- The Washington Times - Friday, January 12, 2007

This year, in the case of Gilbert Arenas, the fans have spoken.

The Washington Wizards guard was originally left off last year’s Eastern Conference All-Star team. But commissioner David Stern stepped in and put Arenas on the roster as a reserve when another player became injured.

This season, Arenas’ sky-rocketing popularity and stellar play have him ranked third among Eastern Conference guards with 788,249 votes. Arenas trails only Miami’s Dwyane Wade (1,371,850) and New Jersey’s Vince Carter (1,002,707).

Paper balloting ends Monday. Online voting concludes Jan. 21.


The only mystery involving Arenas now is whether he will hear his name when starters are announced Jan. 25. But there are some potentially interesting scenarios involving coach Eddie Jordan and forwards Caron Butler and Antawn Jamison.

Jordan’s status hinges on the Wizards’ standing in the Eastern Conference.

Heading into last night, the Wizards (20-14) trailed Cleveland (22-12) for the best record in the conference by just two games. The Wizards are tied with Chicago for the fourth-best record in the conference behind the Cavaliers, Orlando and Detroit.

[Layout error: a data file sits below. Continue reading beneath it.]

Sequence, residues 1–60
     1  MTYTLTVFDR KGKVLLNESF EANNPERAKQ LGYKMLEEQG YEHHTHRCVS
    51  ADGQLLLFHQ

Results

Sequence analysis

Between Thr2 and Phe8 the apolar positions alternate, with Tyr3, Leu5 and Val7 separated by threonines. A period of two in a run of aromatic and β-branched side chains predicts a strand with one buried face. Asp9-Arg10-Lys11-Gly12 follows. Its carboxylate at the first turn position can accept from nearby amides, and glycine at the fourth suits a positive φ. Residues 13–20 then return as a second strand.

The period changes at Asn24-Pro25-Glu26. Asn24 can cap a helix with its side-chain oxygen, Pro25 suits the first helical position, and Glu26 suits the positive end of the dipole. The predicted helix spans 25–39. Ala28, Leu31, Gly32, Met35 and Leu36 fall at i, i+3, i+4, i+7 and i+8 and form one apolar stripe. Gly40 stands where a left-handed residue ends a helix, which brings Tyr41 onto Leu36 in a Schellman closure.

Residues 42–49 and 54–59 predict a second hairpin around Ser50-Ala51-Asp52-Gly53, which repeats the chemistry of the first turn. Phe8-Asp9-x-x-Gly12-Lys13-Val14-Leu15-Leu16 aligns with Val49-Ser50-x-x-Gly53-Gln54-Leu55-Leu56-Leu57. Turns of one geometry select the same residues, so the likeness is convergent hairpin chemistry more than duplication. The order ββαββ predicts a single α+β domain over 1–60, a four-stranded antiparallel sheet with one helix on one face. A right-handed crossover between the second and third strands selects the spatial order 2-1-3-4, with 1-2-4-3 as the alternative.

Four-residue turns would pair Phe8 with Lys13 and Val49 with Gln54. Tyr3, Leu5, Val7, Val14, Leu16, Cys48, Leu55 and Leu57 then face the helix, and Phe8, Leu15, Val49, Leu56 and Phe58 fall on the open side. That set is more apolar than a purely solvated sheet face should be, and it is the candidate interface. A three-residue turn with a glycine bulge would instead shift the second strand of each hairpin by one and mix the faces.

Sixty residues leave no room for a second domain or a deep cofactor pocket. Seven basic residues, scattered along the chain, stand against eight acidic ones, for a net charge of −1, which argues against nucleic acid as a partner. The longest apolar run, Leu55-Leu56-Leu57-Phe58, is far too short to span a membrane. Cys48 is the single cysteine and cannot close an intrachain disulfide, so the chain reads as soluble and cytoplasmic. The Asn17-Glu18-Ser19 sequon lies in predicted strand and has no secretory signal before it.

Pistons coach Flip Saunders coached the East last season and is ineligible to coach the team this year. So Jordan is in a four-way race with Cleveland’s Mike Brown, Orlando’s Brian Hill and Chicago’s Scott Skiles to coach the East. The coach whose team has the best record Feb. 4 will coach the All-Star team.

“Eddie’s done a fantastic job with that team,” Charlotte coach Bernie Bickerstaff said last month.

Washington has had three different coaches for the All-Star Game: Gene Shue (1969), K.C. Jones (1975) and Dick Motta (1979).

While the process to determine the teams’ coaches is simple and bereft of politics, the naming of the reserves is not, as Arenas learned last season.

The reserves will be named after the starters and will be voted on by each conference’s coaches. The coaches will be asked to vote for two guards, two forwards, a center and two other players.

Butler, who has little chance of being voted in by the fans, seems as worthy of a trip to Las Vegas as perhaps any forward in the Eastern Conference. He’s averaging career highs in points (21.2), rebounds (8.1), assists (3.9), steals (1.9) and minutes a game (40.0).

Jamison, who averages 19.4 points and a team-high 8.4 rebounds a game, made his lone All-Star appearance alongside Arenas in Denver two years ago. Like Butler, he isn’t generating many votes.

Reigning defensive player of the year Ben Wallace of Chicago believes Butler belongs.

Story Continues →